New Hampshire Humanities is pleased to announed the 2016 recipients of our New Hampshire Humanities High School Book Awards, presented to high school juniors around the state. These students have demonstrated genuine curiosity about history, literature, languages, or philosophy and hope to deepen that knowledge in college.
Portrait painter Abbott Handerson Thayer, familiar with the area from his boyhood in Keene, came to Dublin in 1888 and started the Dublin art colony. Thayer had originally been brought to the area by Mary Amory Greene, a wealthy patron of the arts. Thayer had an established reputation as a portrait painter and a wide network of friends in the art world.
Did you know that the bucolic town of Winchester, New Hampshire was the home of both the first pipe organ constructed in American as well as the nation’s first successful manufacturer of musical instruments?
New Hampshire Humanities has awarded a grant to the Friends of Public Art for a project that will explore and celebrate Winchester’s unique place in music history.
At MindsEye Designs art studio in Dover a small group of student artists sat around a paint-splattered table, discussing the life and work of Georgia O’Keefe. They were about to read Georgia in Hawaii: When Georgia O’Keefe Painted What She Pleased by Amy Novesky and Yuyi Morales. This wonderfully-accessible book, with its simple narrative and striking illustrations, tells the story of the artist’s seminal trip to Hawaii.
How does a state with the motto “Live Free or Die” confront its participation in slavery, segregation, and the neglect of its Black history? The University of New Hampshire’s Center for the Humanities explores that question in a documentary film, Shadows Fall North, that will premiere on Thursday, May 26 at 7 p.m. at the Music Hall in Portsmouth.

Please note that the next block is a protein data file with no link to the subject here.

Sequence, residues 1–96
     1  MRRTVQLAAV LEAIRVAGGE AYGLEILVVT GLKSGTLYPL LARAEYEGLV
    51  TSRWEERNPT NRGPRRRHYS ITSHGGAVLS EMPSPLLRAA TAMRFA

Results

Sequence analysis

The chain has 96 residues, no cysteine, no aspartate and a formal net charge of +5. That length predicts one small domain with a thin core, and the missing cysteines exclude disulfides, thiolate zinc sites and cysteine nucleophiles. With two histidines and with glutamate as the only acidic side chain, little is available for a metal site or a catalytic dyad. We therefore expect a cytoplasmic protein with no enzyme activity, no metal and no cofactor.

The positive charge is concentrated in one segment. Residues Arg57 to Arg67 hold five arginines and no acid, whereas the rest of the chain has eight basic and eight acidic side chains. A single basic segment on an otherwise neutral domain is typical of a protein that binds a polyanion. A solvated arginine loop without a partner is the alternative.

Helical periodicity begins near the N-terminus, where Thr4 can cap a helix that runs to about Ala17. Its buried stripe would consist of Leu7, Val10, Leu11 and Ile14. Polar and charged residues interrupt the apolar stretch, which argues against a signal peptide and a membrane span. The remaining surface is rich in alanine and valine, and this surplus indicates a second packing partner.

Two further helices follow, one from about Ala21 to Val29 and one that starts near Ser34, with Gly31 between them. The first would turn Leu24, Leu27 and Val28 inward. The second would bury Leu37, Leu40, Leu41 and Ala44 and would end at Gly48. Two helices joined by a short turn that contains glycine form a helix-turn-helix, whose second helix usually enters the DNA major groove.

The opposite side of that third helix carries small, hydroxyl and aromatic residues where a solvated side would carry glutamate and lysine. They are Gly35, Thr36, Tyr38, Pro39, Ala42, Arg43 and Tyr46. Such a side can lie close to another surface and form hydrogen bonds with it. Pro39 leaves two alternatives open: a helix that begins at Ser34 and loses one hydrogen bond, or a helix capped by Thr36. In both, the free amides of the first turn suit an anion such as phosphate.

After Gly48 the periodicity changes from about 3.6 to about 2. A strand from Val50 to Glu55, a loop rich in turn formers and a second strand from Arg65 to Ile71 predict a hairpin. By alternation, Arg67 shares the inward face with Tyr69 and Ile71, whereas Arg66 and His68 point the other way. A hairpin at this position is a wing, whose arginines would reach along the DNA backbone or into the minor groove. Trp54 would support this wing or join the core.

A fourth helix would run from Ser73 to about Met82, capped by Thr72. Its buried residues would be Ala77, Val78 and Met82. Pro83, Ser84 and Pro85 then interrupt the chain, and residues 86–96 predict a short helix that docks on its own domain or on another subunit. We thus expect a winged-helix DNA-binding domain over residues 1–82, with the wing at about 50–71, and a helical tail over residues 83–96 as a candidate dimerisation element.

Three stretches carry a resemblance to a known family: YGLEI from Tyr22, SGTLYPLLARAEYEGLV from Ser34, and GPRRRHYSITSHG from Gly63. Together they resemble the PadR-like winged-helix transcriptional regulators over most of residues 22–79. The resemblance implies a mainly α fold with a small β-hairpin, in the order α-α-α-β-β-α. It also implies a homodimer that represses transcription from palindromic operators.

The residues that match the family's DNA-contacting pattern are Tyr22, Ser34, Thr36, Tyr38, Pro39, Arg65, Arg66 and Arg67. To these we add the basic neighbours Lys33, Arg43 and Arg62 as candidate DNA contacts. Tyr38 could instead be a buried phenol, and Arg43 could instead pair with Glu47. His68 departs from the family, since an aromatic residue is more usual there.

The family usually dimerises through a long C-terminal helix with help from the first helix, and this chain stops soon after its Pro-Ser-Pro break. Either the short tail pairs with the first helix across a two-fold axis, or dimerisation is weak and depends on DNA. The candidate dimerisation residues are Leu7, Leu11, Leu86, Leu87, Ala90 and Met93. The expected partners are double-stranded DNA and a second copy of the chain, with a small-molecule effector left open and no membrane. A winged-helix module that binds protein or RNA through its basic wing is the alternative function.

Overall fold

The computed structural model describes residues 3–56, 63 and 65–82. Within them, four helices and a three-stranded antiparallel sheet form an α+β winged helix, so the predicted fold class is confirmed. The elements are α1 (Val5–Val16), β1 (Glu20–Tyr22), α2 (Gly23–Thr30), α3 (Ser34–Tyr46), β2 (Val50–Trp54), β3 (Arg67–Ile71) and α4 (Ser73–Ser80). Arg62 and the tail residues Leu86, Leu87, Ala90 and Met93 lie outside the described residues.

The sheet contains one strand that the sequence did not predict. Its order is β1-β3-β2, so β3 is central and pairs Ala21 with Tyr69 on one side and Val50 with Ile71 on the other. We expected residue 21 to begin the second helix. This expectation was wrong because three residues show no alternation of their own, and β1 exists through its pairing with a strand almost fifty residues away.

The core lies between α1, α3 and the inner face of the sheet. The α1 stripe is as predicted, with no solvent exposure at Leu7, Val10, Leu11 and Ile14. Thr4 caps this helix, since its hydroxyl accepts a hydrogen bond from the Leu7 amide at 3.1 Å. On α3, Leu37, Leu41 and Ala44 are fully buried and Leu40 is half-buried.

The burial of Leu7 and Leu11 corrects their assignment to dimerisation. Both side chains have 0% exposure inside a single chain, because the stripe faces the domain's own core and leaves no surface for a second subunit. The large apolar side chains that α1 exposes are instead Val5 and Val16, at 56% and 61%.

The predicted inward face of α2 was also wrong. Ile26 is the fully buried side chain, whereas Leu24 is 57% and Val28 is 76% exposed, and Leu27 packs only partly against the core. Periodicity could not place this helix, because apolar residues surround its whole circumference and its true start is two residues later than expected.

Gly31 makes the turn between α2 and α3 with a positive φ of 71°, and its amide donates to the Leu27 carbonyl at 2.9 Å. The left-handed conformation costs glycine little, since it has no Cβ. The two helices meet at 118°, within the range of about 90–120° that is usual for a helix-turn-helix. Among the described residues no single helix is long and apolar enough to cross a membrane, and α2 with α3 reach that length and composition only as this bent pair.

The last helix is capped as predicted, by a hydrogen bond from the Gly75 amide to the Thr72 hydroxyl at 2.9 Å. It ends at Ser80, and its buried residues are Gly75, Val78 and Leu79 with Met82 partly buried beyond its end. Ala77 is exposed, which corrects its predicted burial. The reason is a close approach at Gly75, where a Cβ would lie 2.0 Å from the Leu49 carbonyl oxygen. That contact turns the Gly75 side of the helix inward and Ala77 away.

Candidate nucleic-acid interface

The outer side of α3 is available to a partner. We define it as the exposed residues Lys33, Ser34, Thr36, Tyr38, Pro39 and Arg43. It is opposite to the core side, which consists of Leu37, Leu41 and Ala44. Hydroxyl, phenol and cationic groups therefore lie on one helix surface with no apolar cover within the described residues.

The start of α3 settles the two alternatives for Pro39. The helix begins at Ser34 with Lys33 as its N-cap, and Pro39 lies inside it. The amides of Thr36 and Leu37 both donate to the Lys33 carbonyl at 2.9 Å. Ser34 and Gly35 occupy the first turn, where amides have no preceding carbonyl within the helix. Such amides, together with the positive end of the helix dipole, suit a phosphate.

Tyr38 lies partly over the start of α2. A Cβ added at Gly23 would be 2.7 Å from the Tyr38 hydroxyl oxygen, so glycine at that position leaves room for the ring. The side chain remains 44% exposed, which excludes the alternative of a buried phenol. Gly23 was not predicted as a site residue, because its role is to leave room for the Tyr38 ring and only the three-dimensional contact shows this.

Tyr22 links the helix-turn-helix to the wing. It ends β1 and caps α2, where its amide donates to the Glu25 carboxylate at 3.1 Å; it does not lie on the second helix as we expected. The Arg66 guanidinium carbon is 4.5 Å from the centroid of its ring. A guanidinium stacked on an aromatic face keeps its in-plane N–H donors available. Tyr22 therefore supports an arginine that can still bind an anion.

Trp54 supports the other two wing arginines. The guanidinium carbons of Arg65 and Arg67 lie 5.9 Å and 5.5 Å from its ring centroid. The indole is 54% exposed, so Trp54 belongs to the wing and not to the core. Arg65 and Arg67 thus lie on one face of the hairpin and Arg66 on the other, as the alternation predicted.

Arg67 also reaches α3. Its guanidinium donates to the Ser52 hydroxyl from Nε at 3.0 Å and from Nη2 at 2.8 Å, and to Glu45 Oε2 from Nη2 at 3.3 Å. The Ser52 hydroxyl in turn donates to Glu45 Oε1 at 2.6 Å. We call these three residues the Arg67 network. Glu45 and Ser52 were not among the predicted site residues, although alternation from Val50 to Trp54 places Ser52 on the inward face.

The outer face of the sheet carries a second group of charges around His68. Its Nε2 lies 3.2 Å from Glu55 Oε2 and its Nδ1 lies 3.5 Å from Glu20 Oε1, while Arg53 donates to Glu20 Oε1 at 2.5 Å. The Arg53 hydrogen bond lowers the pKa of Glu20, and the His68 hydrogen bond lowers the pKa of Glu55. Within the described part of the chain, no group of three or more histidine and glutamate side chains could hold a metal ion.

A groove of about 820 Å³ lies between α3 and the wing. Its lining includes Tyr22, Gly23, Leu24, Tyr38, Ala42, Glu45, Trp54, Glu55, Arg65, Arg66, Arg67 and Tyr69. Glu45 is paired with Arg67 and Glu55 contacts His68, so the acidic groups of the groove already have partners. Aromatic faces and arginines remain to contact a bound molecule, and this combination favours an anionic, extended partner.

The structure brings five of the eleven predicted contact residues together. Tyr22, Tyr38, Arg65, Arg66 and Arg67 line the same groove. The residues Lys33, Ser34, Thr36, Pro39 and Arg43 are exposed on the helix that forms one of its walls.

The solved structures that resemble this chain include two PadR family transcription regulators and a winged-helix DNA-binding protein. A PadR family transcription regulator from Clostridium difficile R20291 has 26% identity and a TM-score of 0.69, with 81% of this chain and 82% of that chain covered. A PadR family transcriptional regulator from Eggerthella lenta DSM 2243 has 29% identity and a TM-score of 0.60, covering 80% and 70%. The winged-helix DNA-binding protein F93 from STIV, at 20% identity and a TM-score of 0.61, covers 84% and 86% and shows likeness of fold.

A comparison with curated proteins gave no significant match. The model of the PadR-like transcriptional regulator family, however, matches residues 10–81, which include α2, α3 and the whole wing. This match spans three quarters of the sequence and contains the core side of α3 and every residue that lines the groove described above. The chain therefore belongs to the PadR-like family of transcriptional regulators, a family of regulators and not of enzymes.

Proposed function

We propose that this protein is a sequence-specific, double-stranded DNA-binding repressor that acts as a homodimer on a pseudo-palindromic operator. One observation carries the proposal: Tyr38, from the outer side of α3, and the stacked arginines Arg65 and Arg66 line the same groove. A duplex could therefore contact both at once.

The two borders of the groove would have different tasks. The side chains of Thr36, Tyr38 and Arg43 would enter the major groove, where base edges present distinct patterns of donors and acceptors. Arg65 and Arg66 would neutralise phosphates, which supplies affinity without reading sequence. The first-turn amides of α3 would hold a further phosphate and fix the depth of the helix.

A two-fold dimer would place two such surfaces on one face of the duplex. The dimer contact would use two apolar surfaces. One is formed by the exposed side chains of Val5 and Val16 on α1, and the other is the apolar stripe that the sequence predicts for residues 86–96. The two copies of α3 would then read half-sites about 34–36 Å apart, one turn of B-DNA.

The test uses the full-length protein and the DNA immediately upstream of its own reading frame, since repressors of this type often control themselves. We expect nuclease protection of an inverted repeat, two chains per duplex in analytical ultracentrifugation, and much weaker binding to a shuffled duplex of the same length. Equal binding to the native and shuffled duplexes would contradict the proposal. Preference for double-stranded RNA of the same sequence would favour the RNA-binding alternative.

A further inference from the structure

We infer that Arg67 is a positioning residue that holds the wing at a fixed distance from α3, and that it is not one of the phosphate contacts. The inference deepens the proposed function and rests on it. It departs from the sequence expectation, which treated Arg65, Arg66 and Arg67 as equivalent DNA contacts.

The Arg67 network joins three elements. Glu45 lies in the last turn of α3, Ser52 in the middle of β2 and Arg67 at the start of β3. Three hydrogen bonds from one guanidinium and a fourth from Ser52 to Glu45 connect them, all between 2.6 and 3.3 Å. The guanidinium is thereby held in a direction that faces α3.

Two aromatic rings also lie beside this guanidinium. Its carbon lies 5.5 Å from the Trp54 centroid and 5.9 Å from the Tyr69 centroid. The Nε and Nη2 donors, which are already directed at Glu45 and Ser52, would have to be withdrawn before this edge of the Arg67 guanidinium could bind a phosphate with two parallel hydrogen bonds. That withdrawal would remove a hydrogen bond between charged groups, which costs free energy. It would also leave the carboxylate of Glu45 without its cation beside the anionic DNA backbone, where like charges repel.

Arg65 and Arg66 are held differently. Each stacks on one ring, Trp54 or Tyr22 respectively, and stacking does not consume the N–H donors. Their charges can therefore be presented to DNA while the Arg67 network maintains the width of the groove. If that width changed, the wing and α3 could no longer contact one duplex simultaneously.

The Castle Preservation Society, non-profit operators of the Castle in the Clouds in Moultonborough, has received a grant from New Hampshire Humanities for a multi-faceted project celebrating the Granite State’s deep Franco-American roots.
Teachers are invited to expand their understanding of the effects of the Civil War in the Granite State at a three-day teacher workshop hosted by the Historical Society of Cheshire County in June. Funded in part by a grant from New Hampshire Humanities, the workshop will examine how people in New Hampshire (with a focus on the Monadnock Region) responded to a divided nation, war, and reconstruction from 1860 through 1877.
Storytelling connects strangers, strengthens links between generations, and gives children the self-knowledge to carry them through hard times. Collecting community stories helps create connections, preserve history, and foster a deeper understanding of the town or city’s collective roots, current challenges, and hopes for the future.